Matthieu Bardon, CEA/CESTA, France

This video is a simulation performed with the PIC code SOPHIE (CEA) which represents the propagation of the proton beam post accelerated and focused by the EMP generated by the discharge current pulse through the coil (chromatic focusing phenomenon).



Luca Fedeli, Politecnico di Milano, Italy

Particle-In-Cell simulation of ultra-intense laser interaction with a nanowire-coated target



Jack Hare, Imperial College London, United Kingdom

Ultra-high speed movie of an imploding carbon wire array (11 frames, 5 ns exposure, 20 ns between frames, false colour). Eight wires produce converging inflows seen in the first frame, which coalesce to produce and confine a column of plasma which develops complicated dynamics as it evolves.

Ticos-Williams-dust flow.jpg


Catalin Ticos, INFLPR, Romania

Dust trajectories in the top layer of a plasma crystal irradiated by an electron beam. The microparticles have a diameter of 11.8 microns and the electron beam has an energy 13 keV.



Mathias Hoppe, Chalmers University of Technology, Sweden

Evolution of a simulated bremsstrahlung image from mono-energetic runaway electrons with pitch angles evolving between .02-.42 rad. Only particles on six flux surfaces are included to illustrate how the radial distribution of runaways affects the observed image. Initially, particles are observed on an S-shaped surface which gradually splits into two oval surfaces as the pitch angle increases.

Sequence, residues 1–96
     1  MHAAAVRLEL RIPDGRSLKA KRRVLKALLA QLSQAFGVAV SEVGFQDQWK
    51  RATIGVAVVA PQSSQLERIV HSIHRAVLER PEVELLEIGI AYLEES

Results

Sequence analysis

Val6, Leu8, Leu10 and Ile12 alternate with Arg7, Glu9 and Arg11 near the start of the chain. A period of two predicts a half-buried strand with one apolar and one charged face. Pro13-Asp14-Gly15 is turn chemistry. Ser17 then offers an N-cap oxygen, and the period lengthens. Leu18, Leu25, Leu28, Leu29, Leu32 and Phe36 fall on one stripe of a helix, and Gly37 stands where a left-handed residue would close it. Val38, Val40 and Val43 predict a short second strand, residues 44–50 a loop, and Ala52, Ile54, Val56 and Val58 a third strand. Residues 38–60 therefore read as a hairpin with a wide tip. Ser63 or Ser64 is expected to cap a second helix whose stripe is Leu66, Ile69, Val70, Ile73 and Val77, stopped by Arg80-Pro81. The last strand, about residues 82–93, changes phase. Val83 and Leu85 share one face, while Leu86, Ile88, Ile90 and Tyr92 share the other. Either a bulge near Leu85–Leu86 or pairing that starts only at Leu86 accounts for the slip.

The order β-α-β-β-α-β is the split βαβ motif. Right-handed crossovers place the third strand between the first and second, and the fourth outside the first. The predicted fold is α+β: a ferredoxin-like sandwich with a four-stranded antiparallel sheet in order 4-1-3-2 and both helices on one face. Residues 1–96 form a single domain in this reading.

Diogo Carvalho IPFN/IST, University of Lisbon, Portugal

Tomographic reconstruction of JET pulse 92213 from bolometer data, computed via a 22540x56 transformation matrix that was fitted on 800 reconstructions using a machine learning framework (Theano) running on an Nvidia Titan X GPU.



Glen Wurden, Max Planck Inst. for Plasma Physics, Germany

High resolution infrared video of one of the new water-cooled graphite divertor target plates for Wendelstein 7-X, being hit by a modulated 10 MW/m^2 neutral beam in the GLADIS test stand. Garching, Germany.



Mariana Danielová, ELI Beamlines, Czech Republic

High-quality and stable sub-relativistic electron sources are of great demand for various applications in industry and material science. The electron sources in such regime have been previously produced by downscaling a LWFA or using high-repetition rate laser-plasma accelerators. Visualization was done in Paraview using NVIDIA index plugin for volumetric data, author of the simulation is Petr Valenta.